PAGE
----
console.log('char data returned: ',charData);

socket.emit('send:character', {

character: charData




module.exports = function (socket) {





Wednesday, August 14, 2013

Starting a new Node.js Jade Angular Express Site on OpenShift :D

So to start a new site I went to btford's angular-socket-io-seed and downloaded the zip. He seems to have changed his package management over to bower, and alternative to npm, though there seems to be disagreement on stackoverflow as to which is better. Whatever. Here is the definitive article on package management that addresses nom, bower, et al. The whole idea is to get the Amazon AWS SDK node package working with it.

I made a new node site on OpenShift, pulled the repo, then deleted everything and copied the angular-socket-io-seed. Then I globally installed bower, and locally installed socket-io and express in my new app. I renamed app.js to server.js to satisfy OpenShift's launcher. Also had to npm install Jade.

Next I had to change in server.js:

self.ipaddress = process.env.OPENSHIFT_NODEJS_IP;

self.port = process.env.OPENSHIFT_NODEJS_PORT || 8080;

This ends up looking like this:

app.set('port', process.env.OPENSHIFT_NODEJS_PORT || 8080);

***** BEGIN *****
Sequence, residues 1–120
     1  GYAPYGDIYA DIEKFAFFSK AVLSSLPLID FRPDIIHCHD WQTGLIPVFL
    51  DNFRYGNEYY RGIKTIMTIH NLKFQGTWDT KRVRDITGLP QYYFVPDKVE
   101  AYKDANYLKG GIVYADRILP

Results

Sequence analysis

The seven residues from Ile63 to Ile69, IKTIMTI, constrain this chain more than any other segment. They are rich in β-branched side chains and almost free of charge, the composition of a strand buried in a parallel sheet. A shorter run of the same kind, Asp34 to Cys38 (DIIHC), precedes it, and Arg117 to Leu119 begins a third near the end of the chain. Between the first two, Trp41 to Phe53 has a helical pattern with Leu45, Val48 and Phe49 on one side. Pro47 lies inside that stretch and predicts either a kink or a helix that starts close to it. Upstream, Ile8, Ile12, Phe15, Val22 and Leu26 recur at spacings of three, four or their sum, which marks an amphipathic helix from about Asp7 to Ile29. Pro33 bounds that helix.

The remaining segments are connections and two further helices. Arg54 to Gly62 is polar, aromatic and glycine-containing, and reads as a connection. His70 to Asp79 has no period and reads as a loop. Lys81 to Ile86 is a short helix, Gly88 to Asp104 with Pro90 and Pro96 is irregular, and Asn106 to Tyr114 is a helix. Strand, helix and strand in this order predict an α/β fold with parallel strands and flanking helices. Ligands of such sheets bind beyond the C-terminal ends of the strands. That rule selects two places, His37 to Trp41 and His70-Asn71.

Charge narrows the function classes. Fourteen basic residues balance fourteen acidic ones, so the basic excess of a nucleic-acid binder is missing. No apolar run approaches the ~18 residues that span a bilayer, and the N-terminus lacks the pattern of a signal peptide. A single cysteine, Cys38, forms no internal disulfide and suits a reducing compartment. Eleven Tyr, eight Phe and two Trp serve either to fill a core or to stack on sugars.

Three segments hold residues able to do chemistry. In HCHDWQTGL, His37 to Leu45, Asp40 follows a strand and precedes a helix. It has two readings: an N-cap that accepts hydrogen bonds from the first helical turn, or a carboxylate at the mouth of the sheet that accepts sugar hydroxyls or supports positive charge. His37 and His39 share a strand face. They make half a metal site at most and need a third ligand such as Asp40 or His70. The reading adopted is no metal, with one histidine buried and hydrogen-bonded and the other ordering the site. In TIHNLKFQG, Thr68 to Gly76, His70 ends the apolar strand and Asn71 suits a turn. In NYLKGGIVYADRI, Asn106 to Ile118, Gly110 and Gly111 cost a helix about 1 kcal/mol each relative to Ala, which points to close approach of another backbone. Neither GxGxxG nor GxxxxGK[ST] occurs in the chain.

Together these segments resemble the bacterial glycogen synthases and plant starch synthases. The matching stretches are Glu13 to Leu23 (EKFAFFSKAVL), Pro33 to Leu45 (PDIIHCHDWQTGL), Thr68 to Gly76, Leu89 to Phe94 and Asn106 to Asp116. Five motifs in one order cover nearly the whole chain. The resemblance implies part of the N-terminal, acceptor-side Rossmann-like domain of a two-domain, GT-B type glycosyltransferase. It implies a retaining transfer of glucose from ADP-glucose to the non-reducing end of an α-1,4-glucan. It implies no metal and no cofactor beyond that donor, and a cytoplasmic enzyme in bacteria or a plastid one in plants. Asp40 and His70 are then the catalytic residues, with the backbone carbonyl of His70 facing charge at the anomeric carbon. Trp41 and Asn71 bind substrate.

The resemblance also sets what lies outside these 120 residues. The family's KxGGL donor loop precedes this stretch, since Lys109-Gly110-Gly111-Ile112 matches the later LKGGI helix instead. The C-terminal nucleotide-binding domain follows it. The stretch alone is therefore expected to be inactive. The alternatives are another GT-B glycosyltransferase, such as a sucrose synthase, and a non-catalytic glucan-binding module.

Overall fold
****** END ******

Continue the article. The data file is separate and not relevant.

app.set('address', process.env.OPENSHIFT_NODEJS_IP);

Added app.get('address'), to server.listen.

That worked, except the time isn't showing up. Well it's on a severe delay.

So I nav'd to /public in my project and did:

bower install angular-socket-io

This is to update that since it was 0.0.2 in the project but current is 0.2.0, and I think it was having to download a dependency causing the delay. Nope, the delay was due to the fact rhcloud does not support websockets on the default port! Therefore it falls back on XHR polling just like Heroku does, at least by default. But as of December 2012 they had a preview with websockets working. You have to use port 8000 for http or port 8443 for https for it to work evidently.

So therefore... what I had to do is in my client app.js I had to add this:

config(function ($routeProvider, $locationProvider,

//this as per the angular-socket-io documentation to get it to connect to the port 8000:

socketProvider) {

var mySocket = io.connect('http://myURL:8000');


Because otherwise it will still default to the regular port and go back to nasty XHR polling.

I thought of using a proxy module for node but this worked so hey. It goes to show you. There's usually a non-obvious built-in solution to obvious problems.

ZOMG I had to bower install angular-cookies ... for some reason it's not already there... WTF!?